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Bugs Bunny Coloring Pages

Bugs Bunny Coloring Pages

Bugs has feuded with Elmer Fudd, Yosemite Sam, Marvin the Martian, Beaky Buzzard, Daffy Duck, Tasmanian Devil, Cecil Turtle, Witch Hazel, Rocky and Mugsy, Wile E. Coyote, Count Blood Count, and a host of others. Bugs almost always wins these conflicts, a plot pattern which recurs in Looney Tunes films directed by Chuck Jones. Concerned that viewers would lose sympathy for a protagonist who always won, Jones had the antagonist characters repeatedly attempt to bully, cheat or threaten Bugs who has been minding his own business. He’s also been known to break the 4th wall by “communicating” with the audience, either by explaining the situation (ex. “Be with you in a minute folks!”), describing someone to the audience (ex. “Feisty, ain’t they?”), etc.

Bugs will usually try to placate the antagonist and avoid conflict, but when an antagonist pushes him too far, Bugs may address the audience and invoke his catchphrase “Of course you realize, this means war!” before he retaliates, and the retaliation will be devastating. This line was taken from Groucho Marx and others in the 1933 film Duck Soup and was also used in the 1935 Marx film A Night at the Opera.[13] Bugs would pay homage to Groucho in other ways, such as occasionally adopting his stooped walk or leering eyebrow-raising (in Hair-Raising Hare, for example) or sometimes with a direct impersonation (as in Slick Hare).

Other directors, such as Friz Freleng, characterized Bugs as altruistic. When Bugs meets other successful characters (such as Cecil Turtle in Tortoise Beats Hare, or, in World War II, the Gremlin of Falling Hare), his overconfidence becomes a disadvantage.

During the 1940s, Bugs was immature and wild, but starting in the 1950s his personality matured and his attitude was less frenetic. It’s worth noting, however, that some feel this shift in Bugs’s personality marked a significant decline in the quality of his cartoons. Though often shown as highly mischievous and violent, Bugs is never actually malicious, and only acts as such in self-defense against his aggressors; the only cartoon where Bugs ever served as a true villain was Buckaroo Bugs.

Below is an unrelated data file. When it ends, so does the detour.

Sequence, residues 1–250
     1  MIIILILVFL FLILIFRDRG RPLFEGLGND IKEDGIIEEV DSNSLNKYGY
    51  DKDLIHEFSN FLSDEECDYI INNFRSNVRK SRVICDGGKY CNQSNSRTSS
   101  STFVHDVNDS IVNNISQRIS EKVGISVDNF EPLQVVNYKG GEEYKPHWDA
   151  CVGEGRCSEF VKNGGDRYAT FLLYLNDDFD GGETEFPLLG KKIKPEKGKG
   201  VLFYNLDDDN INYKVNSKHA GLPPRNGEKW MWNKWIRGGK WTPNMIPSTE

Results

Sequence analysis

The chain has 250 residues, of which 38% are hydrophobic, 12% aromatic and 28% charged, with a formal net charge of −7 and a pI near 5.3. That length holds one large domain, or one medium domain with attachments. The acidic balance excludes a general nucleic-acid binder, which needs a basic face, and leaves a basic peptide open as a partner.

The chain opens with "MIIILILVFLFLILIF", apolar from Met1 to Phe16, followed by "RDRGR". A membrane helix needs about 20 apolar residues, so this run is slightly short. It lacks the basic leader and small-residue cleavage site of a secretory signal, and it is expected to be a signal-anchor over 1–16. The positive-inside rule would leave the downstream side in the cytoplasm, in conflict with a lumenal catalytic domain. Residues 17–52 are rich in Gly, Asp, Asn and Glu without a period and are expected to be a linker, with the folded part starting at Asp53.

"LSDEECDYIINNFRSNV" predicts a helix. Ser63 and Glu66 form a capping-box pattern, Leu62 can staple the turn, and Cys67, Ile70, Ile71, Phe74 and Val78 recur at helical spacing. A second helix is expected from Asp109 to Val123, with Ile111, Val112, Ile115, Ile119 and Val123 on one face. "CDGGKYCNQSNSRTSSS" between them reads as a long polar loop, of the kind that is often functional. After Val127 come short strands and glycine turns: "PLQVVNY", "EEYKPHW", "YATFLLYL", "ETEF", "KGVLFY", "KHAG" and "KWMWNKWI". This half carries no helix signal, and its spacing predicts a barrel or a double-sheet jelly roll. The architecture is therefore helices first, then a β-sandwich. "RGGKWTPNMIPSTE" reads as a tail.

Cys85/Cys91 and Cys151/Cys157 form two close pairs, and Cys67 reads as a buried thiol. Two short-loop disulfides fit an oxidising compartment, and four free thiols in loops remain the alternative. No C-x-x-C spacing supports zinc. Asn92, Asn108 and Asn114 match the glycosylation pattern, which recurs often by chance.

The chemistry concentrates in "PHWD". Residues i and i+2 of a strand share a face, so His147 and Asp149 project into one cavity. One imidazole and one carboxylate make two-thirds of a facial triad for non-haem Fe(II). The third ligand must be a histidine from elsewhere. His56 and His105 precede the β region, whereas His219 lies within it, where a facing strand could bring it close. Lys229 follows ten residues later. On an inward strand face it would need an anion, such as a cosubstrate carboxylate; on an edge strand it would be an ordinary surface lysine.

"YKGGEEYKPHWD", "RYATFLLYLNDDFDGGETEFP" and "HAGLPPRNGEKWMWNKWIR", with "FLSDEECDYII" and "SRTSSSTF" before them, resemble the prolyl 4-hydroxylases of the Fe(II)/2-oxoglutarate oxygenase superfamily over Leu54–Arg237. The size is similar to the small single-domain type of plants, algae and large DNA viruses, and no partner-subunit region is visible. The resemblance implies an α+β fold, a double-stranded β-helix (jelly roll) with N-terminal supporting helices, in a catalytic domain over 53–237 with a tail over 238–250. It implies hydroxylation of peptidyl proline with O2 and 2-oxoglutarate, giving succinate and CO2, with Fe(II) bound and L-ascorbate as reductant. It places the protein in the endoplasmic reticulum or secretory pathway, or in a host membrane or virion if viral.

Bugs Bunny’s nonchalant carrot-chewing standing position, as explained by Chuck Jones, Friz Freleng, and Bob Clampett, originated in a scene in the film It Happened One Night, in which Clark Gable’s character leans against a fence, eating carrots rapidly and talking with his mouth full to Claudette Colbert’s character. This scene was well known while the film was popular, and viewers at the time likely recognized Bugs Bunny’s behavior as satire.[14]

The carrot-chewing scenes are generally followed by Bugs Bunny’s most well-known catchphrase, “What’s up, Doc?”, which was written by director Tex Avery for his first Bugs Bunny short, 1940′s A Wild Hare. Avery explained later that it was a common expression in his native Texas and that he did not think much of the phrase. When the short was first screened in theaters, the “What’s up, Doc?” scene generated a tremendously positive audience reaction.[15] As a result, the scene became a recurring element in subsequent films and cartoons. The phrase was sometimes modified for a situation. For example, Bugs says “What’s up, dogs?” to the antagonists in A Hare Grows in Manhattan, “What’s up, Duke?” to the knight in Knight-mare Hare and “What’s up, prune-face?” to the aged Elmer in The Old Grey Hare. He might also greet Daffy with “What’s up, Duck?” He used one variation, “What’s all the hub-bub, bub?” only once, in Falling Hare.

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